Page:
What is their search intent? Where are they on the buyer’s journey? 

Your target audience’s search intent (i.e., the main goal a user has when typing a query into the search engine) is closely intertwined with where they are on the buyer’s journey. 

There are four primary types of search intent:

  • Informational: The searcher is looking for information. They’re in the “awareness” stage of the buyer’s journey. 
  • Navigational: The searcher is looking for a specific website. They already know where they want to go — which means they’re likely in the “decision” stage of the buyer’s journey.
  • Transactional: The searcher is in buying mode; they’re looking to make a purchase. They can either be in the “consideration” or “decision” stage of the buyer’s journey.
  • Commercial investigation: The searcher is in the market for a specific solution but has yet to make a final decision on the product that is right for them. They’re still weighing their options and are, thus, squarely in the “consideration” stage of the buyer’s journey.

In most cases, the further along your target audience is on the buyer’s journey, the lengthier your blog post will have to be. 

That’s because the closer an individual gets to the “Buy” button, the more anxious they get. 

They’re this 🤏 close to parting with their money. 

What if your product disappoints them? 

What if you’re a scam? 

What if this … what if that? 

So, to quell their “purchase anxiety”, you’ll have to include more information in your blog post (e.g., FAQs), which, of course, lengthens it.

Question #3: What’s the average length of blog posts ranking for the same keywords?

At this point, you should already have a pretty good idea of how long that blog post you’re trying to work on should be. 

So, the final thing to do before getting those fingers ready for some clickety-clackety is this.

Do a manual screening of the top-ranking articles for the keyword(s) you’re trying to rank for.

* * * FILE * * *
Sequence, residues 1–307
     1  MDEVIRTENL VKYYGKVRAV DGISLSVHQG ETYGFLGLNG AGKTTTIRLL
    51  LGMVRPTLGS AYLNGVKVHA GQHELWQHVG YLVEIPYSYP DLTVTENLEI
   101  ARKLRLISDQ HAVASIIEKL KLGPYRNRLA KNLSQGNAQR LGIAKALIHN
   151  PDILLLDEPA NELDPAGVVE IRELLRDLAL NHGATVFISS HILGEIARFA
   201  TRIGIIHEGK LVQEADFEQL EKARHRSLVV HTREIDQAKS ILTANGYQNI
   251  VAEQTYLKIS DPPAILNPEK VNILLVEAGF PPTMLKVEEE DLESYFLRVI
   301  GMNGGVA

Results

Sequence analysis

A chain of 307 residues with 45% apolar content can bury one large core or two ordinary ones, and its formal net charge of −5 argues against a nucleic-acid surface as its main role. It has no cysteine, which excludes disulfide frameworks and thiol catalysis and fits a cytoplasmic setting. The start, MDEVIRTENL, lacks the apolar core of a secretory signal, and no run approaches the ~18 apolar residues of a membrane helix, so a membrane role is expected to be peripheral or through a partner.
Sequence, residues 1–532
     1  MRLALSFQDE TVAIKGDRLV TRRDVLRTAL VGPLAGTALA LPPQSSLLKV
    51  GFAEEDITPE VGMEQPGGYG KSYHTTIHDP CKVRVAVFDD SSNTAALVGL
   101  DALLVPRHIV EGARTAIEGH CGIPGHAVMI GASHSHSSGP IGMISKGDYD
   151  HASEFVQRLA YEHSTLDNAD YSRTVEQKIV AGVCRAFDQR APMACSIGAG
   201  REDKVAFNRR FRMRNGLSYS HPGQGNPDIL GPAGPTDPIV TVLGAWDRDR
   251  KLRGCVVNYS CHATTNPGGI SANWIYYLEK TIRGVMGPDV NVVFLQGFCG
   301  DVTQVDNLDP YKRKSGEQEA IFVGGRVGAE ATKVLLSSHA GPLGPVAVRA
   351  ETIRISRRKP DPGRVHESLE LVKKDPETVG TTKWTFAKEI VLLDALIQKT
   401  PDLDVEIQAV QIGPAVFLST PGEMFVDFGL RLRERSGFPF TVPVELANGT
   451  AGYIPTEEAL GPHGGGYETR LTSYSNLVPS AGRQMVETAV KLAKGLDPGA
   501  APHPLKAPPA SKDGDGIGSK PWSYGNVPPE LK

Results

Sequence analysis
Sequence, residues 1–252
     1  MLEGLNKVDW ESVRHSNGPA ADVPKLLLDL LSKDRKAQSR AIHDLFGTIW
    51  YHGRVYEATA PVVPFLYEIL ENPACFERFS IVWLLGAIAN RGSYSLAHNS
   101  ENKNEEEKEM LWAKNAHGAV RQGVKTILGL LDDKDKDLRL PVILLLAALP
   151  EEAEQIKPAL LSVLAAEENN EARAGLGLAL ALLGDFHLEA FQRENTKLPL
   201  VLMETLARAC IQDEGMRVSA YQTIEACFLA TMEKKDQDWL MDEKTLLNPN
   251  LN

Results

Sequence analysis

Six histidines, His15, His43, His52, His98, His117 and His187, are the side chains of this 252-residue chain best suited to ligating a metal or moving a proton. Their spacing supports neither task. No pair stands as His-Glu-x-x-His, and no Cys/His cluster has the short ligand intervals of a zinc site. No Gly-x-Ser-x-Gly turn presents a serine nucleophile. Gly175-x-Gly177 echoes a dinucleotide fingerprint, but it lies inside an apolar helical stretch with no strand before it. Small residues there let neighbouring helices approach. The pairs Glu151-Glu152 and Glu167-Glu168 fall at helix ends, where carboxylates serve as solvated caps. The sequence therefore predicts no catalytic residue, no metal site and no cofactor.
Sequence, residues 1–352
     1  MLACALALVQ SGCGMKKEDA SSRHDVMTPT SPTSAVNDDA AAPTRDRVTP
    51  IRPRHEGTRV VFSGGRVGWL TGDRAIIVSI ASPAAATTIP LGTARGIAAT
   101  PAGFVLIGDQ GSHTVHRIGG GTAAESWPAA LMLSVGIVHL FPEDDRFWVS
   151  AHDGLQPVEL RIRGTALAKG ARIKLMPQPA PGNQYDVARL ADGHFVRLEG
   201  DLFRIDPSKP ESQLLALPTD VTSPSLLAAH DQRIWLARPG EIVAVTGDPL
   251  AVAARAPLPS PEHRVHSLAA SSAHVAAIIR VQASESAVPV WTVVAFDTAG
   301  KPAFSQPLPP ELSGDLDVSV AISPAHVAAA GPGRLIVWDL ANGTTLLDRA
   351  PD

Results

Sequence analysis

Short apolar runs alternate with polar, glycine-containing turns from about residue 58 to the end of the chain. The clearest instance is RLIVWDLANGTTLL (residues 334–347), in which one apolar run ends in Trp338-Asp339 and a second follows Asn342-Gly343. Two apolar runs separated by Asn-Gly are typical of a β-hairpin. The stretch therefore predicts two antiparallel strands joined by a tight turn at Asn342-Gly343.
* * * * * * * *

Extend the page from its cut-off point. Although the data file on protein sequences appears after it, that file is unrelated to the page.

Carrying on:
What’s the average blog post length? 

Are you within range?

Note: as mentioned earlier, longer doesn’t always mean better. 

So, instead of simply aiming to go above and beyond the average blog post length (note: please do if you identify any content gaps), think about other ways you could make your blog post stand out from the average or downright meh content. 

For example, can you explain a concept in a different way, so it’s:

How long should a blog post be? Well, as long as it needs to be

While the answer to how long a blog post should be is still truly “As long as it needs to be”, we now have well-defined guidelines you can work with to find a suitable blog post length..

More specifically, your blog post should be long enough to: 

  • Satisfy the needs of your target audience
  • Cover a topic comprehensively without digressing 
  • Allow you to do better than your competitors (and not necessarily in length!)

Knowing your ideal blog post length is one thing …

But actually writing it is another.

As you probably already know, hitting your target word count while ensuring your blog post is:

  • Search engine optimized 
  • Engaging
  • Scientifically accurate (super important for articles about health!)
  • Primed for conversions — so your audience takes the next steps you want them to

… challenging. To say the least. 

So, if you’re sick of opening that Google Docs for the 1,764th time with no end in sight, why not entrust your blog writing to me? 

Strategy planning. 

Keyword research. 

Determining how long each of your articles should be. 

And fleshing every article out so it’s ready to capture your audience’s hearts (and wallets). 

Peachy Tuesdays’ Blog Writing package does that all for you. 

Now, the only question to ask yourself is this: what will you do with all your newfound free time? 

Spend more time with your family? (Finally) pursue your hobbies? Or get to work on that new product line?

*whispers* Think of all the possibilities.